Timothy H. Lindeman for CVNC
The Eastern Music Festival has a lot to recommend itself: a stellar orchestra made up of professional players from across the United States (the musicians also play in chamber music concerts), a couple hundred students eager to immerse themselves in the five-week intensive education and performance program, and dozens of concerts, all on the bucolic Guilford College campus. But one of the most impressive facets of EMF is its educational component, which brings these aspiring musicians (aged 14-22) in contact with professional musicians to listen and learn. The talent in these young musicians is copious, as witnessed in Sunday afternoon’s concert of eleven of the student pianists.
Unbridled energy characterized the playing of the opening prelude from the Prelude and Fugue in C minor, BWV 847 by J.S. Bach played by Marin Korenaga (Bethany, CT). Impressive facility and a good improvisation feel toward the end made for a good concert opener. The fugue was solid in her individual interpretation. Following was a powerful performance of the Etude in C, Op. 10, No. 7 by Frédérick Chopin. Korenaga’s playing was marked by a good sense of rubato and tasteful pedaling.
Ballade, Op.6 by Amy Beach was played by Sarah Core (Peoria, AZ). After the short, slow introduction, a lyric tune is presented in the right hand with the left hand accompanying. Later lots of arabesques embellish the texture. The left hand takes over the melody in the middle section, which Core admirably brought out. Sparkling sounds and virtuosic passages close out the piece before the gentle conclusion.
Julia Chen (Los Alamos, NM) played Chopin’s Nocturne in C minor, Op. 48, No. 1. One could have asked for a more ringing tone in the opening melody, which was nicely brought out above the accompanying left hand chords. The lyricism belies the stormy passages in octaves in both hands that are to follow. Chen performed these without a hitch.
Chopin’s quirky Etude in E minor, Op. 25, No. 5 (“Wrong Note”) was played by Andrew Reveno (Atlanta, GA). The pianist displayed notable facility in the middle section, negotiating the left-hand melody as well as arpeggios in the right.
The first three pieces from 6 Klavierstücke, Op. 118 by Johannes Brahms performed by Bonhwi Kim (Seoul, South Korea) was up next. The thick texture with flowing accompaniment for which Brahms is famous is very much in evidence in the opening Allegro non assai. Kim very sensitively brought out the many inner lines in the Andante teneramente. The fiery opening of the final Ballade was nicely contrasted by Kim’s playing of the middle, more reflective section.
Audrey Puschinsky (High Point, NC) played the most classical piece of the program: first movement of the Piano Sonata in E, Op. 6 by Felix Mendelssohn. The pianist provided a gentle reading of this seldom-heard work and brought out the many contrasting sections with aplomb.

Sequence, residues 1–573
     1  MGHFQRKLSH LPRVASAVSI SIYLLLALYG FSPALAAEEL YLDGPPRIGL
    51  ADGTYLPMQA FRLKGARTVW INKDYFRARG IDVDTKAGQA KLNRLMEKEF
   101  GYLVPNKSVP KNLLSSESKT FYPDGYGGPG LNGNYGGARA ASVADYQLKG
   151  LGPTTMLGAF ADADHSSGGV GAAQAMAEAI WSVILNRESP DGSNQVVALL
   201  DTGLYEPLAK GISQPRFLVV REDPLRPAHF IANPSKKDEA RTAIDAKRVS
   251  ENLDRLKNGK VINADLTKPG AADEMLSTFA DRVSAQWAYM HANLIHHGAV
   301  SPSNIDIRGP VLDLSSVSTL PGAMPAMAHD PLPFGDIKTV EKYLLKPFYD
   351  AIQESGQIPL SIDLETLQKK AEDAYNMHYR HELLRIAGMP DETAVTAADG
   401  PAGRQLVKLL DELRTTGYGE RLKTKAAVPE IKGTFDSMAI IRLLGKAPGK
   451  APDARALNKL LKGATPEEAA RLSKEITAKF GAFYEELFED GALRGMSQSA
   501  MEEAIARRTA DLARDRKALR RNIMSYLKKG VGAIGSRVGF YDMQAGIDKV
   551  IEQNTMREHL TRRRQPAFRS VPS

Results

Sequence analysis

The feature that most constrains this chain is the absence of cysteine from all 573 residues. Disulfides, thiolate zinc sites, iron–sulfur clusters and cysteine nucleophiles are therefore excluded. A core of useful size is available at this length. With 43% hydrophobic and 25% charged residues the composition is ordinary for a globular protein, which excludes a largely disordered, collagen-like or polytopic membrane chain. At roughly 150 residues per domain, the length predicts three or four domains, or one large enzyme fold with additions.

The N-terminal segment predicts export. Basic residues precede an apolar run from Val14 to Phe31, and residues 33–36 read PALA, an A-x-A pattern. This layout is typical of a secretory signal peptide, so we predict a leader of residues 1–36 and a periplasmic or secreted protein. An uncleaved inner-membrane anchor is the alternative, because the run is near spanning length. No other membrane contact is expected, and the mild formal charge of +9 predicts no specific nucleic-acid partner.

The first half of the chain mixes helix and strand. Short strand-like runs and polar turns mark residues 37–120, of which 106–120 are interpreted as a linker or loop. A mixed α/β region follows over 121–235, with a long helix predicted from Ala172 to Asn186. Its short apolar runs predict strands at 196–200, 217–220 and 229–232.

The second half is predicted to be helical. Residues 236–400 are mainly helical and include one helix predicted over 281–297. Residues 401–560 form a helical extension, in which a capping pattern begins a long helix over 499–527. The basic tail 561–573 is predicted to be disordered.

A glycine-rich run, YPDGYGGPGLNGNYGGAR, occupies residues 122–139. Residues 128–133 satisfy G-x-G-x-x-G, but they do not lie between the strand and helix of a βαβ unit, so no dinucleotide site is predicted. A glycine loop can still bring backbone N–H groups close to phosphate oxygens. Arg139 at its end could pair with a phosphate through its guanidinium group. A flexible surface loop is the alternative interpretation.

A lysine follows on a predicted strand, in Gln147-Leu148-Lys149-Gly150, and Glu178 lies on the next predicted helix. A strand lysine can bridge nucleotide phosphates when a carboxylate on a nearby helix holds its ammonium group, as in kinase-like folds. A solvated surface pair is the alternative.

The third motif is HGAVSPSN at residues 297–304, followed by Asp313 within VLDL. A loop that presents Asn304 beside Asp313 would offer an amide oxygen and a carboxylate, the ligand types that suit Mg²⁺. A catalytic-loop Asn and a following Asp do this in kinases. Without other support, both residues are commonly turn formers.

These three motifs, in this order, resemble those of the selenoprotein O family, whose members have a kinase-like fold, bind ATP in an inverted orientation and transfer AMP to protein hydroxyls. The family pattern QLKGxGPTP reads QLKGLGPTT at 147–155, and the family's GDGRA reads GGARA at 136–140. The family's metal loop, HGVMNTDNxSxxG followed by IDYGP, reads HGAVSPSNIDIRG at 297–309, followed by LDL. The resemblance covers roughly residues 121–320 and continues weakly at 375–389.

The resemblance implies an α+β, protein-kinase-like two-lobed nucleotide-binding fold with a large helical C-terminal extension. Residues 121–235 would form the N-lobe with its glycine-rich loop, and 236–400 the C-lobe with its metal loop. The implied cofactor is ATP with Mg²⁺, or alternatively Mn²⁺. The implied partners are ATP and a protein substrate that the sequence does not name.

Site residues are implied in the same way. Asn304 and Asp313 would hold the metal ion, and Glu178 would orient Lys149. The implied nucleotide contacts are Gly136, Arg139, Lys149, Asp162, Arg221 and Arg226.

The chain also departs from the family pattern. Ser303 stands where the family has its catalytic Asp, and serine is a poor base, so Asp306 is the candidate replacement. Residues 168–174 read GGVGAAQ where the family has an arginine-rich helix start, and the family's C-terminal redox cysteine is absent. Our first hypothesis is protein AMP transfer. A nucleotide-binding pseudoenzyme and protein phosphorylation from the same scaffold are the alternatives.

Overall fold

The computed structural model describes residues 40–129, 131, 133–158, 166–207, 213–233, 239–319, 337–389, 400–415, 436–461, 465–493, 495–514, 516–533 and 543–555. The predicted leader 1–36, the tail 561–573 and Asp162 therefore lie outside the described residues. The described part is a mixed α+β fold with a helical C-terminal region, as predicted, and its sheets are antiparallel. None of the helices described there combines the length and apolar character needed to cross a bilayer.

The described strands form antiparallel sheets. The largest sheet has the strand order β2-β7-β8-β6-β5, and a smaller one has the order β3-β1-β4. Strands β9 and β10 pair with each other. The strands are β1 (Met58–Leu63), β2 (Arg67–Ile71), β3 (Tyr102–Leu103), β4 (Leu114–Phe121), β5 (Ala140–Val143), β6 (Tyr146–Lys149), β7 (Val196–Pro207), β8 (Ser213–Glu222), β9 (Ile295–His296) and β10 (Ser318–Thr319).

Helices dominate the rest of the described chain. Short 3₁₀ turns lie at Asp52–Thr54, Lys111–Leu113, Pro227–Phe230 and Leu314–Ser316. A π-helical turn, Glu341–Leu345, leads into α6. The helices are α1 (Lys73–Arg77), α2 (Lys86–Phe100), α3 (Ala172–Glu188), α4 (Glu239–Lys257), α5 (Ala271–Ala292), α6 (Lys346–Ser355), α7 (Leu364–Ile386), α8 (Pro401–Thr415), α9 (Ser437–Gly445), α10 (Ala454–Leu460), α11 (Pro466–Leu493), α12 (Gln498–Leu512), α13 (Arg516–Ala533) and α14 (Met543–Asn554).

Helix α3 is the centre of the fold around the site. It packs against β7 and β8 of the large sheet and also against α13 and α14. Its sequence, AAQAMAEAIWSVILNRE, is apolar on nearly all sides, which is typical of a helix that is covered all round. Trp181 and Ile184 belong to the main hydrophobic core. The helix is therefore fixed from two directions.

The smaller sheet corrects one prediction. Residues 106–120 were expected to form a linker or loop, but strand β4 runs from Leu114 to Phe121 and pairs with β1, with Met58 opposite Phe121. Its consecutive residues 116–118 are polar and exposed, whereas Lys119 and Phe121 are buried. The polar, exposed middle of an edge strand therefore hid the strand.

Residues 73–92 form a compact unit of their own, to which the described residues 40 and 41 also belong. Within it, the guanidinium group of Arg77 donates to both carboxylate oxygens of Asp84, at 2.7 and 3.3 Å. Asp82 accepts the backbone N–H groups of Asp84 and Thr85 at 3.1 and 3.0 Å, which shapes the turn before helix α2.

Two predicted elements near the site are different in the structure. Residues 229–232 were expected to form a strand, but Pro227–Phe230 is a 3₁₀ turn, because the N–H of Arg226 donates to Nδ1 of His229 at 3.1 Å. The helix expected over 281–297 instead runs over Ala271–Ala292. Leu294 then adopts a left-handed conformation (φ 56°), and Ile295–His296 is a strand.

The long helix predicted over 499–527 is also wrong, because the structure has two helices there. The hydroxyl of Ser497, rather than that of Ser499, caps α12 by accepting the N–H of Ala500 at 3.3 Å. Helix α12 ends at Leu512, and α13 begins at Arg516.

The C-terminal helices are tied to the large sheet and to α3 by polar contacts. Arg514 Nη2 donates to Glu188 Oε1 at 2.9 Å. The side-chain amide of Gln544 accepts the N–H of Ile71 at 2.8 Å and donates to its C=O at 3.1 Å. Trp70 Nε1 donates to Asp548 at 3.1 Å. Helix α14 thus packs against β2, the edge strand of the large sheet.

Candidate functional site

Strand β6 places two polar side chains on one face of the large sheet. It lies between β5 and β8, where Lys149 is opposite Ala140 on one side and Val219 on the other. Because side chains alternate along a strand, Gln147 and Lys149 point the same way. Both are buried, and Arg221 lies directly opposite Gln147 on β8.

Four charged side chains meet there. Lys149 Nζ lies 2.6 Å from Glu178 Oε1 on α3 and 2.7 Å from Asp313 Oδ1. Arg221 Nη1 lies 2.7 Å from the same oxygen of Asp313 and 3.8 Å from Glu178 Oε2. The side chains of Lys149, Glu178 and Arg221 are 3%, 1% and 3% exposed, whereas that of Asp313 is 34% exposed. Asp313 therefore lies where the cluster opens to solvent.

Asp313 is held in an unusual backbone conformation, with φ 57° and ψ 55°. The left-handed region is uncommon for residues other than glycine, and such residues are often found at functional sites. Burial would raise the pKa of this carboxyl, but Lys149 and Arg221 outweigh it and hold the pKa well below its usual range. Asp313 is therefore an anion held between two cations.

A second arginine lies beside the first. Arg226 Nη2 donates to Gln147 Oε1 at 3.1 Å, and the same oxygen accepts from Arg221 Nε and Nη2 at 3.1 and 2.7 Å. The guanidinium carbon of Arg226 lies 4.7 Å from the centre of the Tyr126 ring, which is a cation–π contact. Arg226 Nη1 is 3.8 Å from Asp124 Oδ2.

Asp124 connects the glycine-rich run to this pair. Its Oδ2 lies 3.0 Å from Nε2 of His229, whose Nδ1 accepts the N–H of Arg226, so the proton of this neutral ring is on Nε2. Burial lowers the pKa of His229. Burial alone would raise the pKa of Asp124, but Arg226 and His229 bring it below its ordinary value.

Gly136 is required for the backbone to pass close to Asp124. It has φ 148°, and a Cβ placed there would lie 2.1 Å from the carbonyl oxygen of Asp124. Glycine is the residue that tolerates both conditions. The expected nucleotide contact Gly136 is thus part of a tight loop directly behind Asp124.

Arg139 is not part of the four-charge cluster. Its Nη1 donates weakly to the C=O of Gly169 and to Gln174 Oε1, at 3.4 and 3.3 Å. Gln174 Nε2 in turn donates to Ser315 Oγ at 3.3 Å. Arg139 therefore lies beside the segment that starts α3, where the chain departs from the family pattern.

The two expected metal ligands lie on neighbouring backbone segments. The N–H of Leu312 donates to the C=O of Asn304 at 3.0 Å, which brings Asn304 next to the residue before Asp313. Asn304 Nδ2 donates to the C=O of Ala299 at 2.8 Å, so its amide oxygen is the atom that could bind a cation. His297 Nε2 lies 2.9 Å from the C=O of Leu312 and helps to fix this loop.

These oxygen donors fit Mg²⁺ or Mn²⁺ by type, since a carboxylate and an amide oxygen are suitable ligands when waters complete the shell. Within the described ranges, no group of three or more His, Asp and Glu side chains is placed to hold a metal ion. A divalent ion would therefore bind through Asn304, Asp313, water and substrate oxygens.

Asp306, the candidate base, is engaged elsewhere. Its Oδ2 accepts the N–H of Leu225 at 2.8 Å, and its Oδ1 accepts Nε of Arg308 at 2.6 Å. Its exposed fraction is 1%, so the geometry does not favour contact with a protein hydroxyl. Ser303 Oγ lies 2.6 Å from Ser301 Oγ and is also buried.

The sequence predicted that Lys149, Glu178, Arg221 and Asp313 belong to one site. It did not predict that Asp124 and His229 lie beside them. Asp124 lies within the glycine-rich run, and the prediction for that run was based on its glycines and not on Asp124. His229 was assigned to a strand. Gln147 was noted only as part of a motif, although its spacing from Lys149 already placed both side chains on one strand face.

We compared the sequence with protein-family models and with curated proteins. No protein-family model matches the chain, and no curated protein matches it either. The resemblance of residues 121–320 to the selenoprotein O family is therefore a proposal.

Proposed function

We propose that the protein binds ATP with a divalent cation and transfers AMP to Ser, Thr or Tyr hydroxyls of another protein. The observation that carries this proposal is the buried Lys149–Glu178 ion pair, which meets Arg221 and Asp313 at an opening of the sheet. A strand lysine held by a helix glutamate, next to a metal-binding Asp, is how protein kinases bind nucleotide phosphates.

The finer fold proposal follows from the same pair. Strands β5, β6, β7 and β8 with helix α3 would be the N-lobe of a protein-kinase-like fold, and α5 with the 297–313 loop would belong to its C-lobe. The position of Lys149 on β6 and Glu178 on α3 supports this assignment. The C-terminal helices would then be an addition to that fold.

“Sonetto 104 del Petrarca” from Années de pèlerinage, S. 161, No. 5 by Franz Liszt is chocked full of contrasting characters: tender passages are juxtaposed against emotional outpourings. Alan Cary (Glen Allen, VA) brought out the unexpected rich harmonies with authority, and the sparkling textures never covered the main melodies.
Also by Liszt was the Polonaise in E, S. 223, No. 2 played by Alex Murphy (Lubbock, TX). The distinctive polonaise rhythm permeates the work, and the frequent flights of fancy displayed Murphy’s fleet fingers to good effect. The solid playing of the middle section, cast in a minor mode, provided contrast.
The Étude-Tableau in D minor, Op. 33, No. 4 by Sergei Rachmaninoff performed by Alex Nagy (Clemmons, NC), begins gently, but eventually breaks into fireworks galore. Nagy’s confident playing gave full expression to the score’s beauty.
Ethan Benadon (Dickerson, MD) played Chopin’s Ballade in G minor, Op. 23. All of the composer’s four ballades are beautiful, but perhaps this first one is the most beautiful. Benadon wonderfully brought out the gorgeous melodies wrapped in luxurious harmonies with magnificent technique and clarity.
The concert concluded with the first movement of Rachmaninoff’s beloved Piano Concerto No. 2 in C minor, op. 18 performed by Yuki Yokota (Torrance, CA). Playing the orchestral reduction on a much smaller grand piano was Kim. Yokota’s playing of this work was a marvel to hear. She sensitively brought out the score’s many contrasting characters and with technique to burn, she negotiated the virtuosic score with ease. Ensemble between the two pianists, by the way, was superb.
This outstanding concert was the final solo piano recital of the students this year at EMF. To be sure, in this last week of the festival, there are many opportunities to hear the students (and faculty) in both chamber and orchestral settings. See our calendar for details.